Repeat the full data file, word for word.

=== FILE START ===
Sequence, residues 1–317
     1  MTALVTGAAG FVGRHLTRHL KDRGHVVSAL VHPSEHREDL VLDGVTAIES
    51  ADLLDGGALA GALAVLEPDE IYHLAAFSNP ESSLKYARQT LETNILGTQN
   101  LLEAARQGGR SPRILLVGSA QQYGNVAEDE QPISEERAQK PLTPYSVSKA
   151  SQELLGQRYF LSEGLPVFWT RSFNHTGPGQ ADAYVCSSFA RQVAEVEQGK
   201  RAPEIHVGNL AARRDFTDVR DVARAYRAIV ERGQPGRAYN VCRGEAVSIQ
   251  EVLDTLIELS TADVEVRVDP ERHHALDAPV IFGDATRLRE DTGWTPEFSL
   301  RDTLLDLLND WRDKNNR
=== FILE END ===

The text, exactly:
Sequence, residues 1–317
     1  MTALVTGAAG FVGRHLTRHL KDRGHVVSAL VHPSEHREDL VLDGVTAIES
    51  ADLLDGGALA GALAVLEPDE IYHLAAFSNP ESSLKYARQT LETNILGTQN
   101  LLEAARQGGR SPRILLVGSA QQYGNVAEDE QPISEERAQK PLTPYSVSKA
   151  SQELLGQRYF LSEGLPVFWT RSFNHTGPGQ ADAYVCSSFA RQVAEVEQGK
   201  RAPEIHVGNL AARRDFTDVR DVARAYRAIV ERGQPGRAYN VCRGEAVSIQ
   251  EVLDTLIELS TADVEVRVDP ERHHALDAPV IFGDATRLRE DTGWTPEFSL
   301  RDTLLDLLND WRDKNNR